Jim invited us to breakfast at Jen’s Diner, which I believe is the only operating restaurant (perhaps the only commercial establishment of any kind) in Columbus, a curious state of affairs for a town that only lost out on being the capital of the United States by one vote. It’s interesting to think about how differently the country might have developed if Columbus had turned out to be the capital. While I don’t think it would have prevented the Civil War, it seems possible that Reconstruction might have turned out differently: the worst failures and rampant corruption might have been addressed more successfully if the center of gravity of the government had been authentically in the heart of the country. One can at least hope that might have been true.
We had a leisurely breakfast punctuated by visits from various townspeople — Jen’s serves a similar function to a Vermont country store — and then Jim took us to a few of his favorite haunts, read a vivid and beautiful passage about the river from his unfinished novel, and introduced us to his charming and welcoming horses. It was hard to leave, and I didn’t set out on the bike until well into the afternoon, but it was a beautiful ride on back roads down to Hickman, where Mary retrieved me and we drove down to Reelfoot Lake to camp for the night.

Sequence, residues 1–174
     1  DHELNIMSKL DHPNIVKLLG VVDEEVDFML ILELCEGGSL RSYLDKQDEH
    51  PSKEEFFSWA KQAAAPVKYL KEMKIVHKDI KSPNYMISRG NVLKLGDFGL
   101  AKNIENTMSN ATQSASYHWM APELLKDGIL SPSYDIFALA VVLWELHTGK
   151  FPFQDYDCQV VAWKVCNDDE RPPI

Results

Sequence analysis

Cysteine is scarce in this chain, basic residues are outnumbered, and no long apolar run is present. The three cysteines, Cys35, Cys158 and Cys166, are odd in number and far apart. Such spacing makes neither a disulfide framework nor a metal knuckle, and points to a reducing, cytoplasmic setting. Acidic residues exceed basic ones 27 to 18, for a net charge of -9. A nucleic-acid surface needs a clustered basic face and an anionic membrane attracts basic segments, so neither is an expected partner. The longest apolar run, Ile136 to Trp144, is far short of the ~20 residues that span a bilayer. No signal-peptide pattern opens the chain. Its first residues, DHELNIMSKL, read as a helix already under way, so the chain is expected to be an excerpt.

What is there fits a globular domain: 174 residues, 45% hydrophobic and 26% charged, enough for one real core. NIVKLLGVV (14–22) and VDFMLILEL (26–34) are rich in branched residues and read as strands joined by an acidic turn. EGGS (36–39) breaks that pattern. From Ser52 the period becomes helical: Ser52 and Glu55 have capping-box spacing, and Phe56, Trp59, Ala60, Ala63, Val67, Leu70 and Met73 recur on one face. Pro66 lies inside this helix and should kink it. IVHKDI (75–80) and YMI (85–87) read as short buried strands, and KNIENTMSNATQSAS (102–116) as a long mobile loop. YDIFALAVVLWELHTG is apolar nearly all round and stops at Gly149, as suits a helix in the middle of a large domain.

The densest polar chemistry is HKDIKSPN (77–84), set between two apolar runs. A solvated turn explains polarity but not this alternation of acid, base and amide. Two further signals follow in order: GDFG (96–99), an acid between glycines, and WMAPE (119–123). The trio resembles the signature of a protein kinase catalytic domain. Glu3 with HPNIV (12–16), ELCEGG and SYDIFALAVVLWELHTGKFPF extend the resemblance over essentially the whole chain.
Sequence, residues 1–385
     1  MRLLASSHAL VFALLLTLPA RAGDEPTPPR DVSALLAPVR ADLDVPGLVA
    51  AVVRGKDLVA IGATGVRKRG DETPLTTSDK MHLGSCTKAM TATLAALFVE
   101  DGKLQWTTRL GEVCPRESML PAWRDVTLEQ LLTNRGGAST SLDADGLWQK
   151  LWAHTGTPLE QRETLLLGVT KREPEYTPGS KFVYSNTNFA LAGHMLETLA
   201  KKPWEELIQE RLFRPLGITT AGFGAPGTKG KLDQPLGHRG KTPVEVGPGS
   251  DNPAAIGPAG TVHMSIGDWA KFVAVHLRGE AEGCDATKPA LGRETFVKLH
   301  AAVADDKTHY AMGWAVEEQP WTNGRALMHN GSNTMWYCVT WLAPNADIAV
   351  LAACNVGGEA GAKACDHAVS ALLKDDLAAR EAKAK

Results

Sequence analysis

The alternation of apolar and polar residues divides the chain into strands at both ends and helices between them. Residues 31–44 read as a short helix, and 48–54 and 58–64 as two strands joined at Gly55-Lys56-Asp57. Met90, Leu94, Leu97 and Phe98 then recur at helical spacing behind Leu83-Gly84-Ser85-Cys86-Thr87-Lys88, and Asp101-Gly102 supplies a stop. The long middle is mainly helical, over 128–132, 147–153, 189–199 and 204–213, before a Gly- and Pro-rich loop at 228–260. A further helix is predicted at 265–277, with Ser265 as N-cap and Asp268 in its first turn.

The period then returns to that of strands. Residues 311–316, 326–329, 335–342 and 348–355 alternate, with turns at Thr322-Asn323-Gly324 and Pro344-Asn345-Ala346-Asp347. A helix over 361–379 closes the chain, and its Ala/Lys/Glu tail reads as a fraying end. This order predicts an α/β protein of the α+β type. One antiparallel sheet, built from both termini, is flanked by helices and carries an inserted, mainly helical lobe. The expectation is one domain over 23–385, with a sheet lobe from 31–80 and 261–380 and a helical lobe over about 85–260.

We are definitely in the South now. There are cotton fields everywhere, still unharvested because there has been so much rain, and you see the farm machinery all set up on the sidelines, waiting for the fields to dry out enough to be able to harvest. I don’t think I had ever seen a cotton field before this trip, so northern and urban am I, and I can’t look at a cotton plant without immediately thinking about slavery and sharecropping, and the inhuman exploitation that benefited both southern landowners and northern merchants.